As you can see, Maria brought her humor to the chemo suite.
People come here for hope and inspiration, so sometimes I’m hesitant to address some of the sad things about this cancer journey. But I’d be lying if I said this is always an easy road.
I lost another friend to cancer this weekend. Maria was the first person I went to when I was diagnosed with breast cancer in 2002. She worked with me and had just finished treatment herself. She was the only person I knew who could explain from experience what chemo and the rest of the journey was about.
Maria possessed the gift of humor. Sometimes it was kind of bawdy and inappropriate, but she kept it until the end. As recently as a month ago, she forwarded me a hilarious email full of pictures of dogs dressed in awful outfits with the title, “Why dogs bite their owners.”
Today is her funeral and I just thought she deserved a spot on my blog. I always told her I was going to write about her, which is why I asked her to send this picture. So now I am.
Once again I’m reminded how blessed I am to be able to hear and share all the stories in my book. At times like these when cancer, as my husband said, “is like a battlefield,” we have these stories of hope. I can think of people like Dave Massey, Mary Jacobson and all the other Miracle Survivors and know anything is possible.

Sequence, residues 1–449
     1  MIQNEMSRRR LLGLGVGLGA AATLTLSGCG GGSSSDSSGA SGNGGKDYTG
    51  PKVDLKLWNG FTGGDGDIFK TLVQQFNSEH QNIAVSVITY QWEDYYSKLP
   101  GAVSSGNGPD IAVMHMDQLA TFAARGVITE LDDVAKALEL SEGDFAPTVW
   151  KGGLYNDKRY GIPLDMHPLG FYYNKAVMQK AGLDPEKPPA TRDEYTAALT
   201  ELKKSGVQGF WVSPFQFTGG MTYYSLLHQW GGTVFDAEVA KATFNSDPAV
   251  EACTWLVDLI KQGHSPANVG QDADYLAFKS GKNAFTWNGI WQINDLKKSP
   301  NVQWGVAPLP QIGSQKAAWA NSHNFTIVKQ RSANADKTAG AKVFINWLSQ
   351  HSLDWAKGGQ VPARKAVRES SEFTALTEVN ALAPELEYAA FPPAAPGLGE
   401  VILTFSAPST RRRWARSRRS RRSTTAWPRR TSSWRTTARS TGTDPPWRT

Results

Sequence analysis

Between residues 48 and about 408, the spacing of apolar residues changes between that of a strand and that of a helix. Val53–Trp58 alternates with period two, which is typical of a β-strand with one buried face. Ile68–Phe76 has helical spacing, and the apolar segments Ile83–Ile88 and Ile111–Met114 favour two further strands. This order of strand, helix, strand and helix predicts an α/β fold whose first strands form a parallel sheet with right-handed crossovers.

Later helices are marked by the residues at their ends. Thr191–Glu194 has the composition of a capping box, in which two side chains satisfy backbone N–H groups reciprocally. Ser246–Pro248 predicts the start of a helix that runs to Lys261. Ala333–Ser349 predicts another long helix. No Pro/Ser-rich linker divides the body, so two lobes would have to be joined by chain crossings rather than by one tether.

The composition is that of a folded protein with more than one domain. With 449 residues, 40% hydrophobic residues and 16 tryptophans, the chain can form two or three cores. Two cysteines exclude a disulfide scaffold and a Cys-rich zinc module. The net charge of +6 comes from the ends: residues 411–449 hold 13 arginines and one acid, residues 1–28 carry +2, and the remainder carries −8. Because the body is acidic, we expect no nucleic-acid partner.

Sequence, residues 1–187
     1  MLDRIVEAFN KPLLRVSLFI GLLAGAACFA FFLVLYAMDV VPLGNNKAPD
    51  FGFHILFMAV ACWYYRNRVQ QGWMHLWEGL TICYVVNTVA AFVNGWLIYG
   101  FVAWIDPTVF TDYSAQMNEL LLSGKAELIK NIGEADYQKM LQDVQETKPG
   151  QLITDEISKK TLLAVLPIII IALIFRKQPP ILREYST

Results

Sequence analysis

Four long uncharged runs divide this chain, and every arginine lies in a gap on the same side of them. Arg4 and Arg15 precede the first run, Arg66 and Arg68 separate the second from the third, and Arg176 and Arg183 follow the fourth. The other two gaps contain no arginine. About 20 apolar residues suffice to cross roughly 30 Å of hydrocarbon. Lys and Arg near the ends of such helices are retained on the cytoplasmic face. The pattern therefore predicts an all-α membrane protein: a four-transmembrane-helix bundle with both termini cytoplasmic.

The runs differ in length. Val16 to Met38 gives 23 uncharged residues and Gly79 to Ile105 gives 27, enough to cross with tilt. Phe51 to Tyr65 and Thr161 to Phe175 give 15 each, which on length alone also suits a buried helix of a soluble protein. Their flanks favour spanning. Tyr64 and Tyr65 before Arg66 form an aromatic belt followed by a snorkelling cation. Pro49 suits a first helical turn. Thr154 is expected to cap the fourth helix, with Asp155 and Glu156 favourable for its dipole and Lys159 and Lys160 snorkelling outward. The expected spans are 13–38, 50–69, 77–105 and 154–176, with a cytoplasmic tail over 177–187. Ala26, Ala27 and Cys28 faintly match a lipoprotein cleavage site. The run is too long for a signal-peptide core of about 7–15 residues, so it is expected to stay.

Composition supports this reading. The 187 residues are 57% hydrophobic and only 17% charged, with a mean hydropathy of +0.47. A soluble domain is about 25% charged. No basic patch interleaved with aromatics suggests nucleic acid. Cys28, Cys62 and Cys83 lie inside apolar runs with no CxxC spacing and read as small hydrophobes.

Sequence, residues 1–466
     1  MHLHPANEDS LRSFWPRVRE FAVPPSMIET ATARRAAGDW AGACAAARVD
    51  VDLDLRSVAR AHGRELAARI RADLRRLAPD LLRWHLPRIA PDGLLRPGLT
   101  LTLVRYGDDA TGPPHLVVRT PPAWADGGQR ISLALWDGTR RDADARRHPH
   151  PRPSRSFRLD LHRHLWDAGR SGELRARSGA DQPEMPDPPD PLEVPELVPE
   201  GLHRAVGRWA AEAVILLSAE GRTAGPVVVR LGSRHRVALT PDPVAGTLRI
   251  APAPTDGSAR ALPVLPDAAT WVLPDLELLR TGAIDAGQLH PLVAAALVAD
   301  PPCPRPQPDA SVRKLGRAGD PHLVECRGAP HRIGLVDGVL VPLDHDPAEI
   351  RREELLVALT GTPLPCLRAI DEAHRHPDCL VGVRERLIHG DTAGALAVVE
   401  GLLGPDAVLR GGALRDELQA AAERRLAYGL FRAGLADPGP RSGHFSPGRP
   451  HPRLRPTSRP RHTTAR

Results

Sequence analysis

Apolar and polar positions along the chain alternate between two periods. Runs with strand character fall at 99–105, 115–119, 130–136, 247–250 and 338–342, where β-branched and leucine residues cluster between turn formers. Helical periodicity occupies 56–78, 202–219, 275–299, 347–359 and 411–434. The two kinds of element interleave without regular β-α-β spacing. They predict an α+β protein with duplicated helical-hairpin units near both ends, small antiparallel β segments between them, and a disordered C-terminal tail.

I am grateful to people like author Bernie Siegel, MD, who gave me the inspiration to write about these outstanding individuals, whom he calls “exceptional cancer patients.” Bernie Siegel is a pioneer in the body-mind-spirit approach and wrote the best-seller, Love, Medicine and Miracles. I highly recommend it if you haven’t already read it.
As those of you know who have followed my blog for a while, I’ve been trying to get Bernie to coauthor my book. He was interested, but his agent didn’t bite. He did graciously agree to offer his comments, which I’ll include on the cover and as a foreword. Here’s some of what he had to say:
“From Incurable to Incredible is a book that everyone should read because it is filled with the wisdom of those who have confronted their mortality and let it become their teacher. When we learn to nourish our lives, we pay attention to our hunger for living. We use it to guide us to heal our lives; curing our bodies is a side effect.
Self-induced healing is not an accident or a spontaneous lucky occurrence. It takes work, and the work is learning to love ourselves, our life and our bodies. When we do that, our bodies do the best they can to keep us alive. I would recommend that you read this book before you are threatened by illness and thereby live a longer, healthier and happier life. Remember life is uncertain, so do what makes you happy and eat dessert first.”
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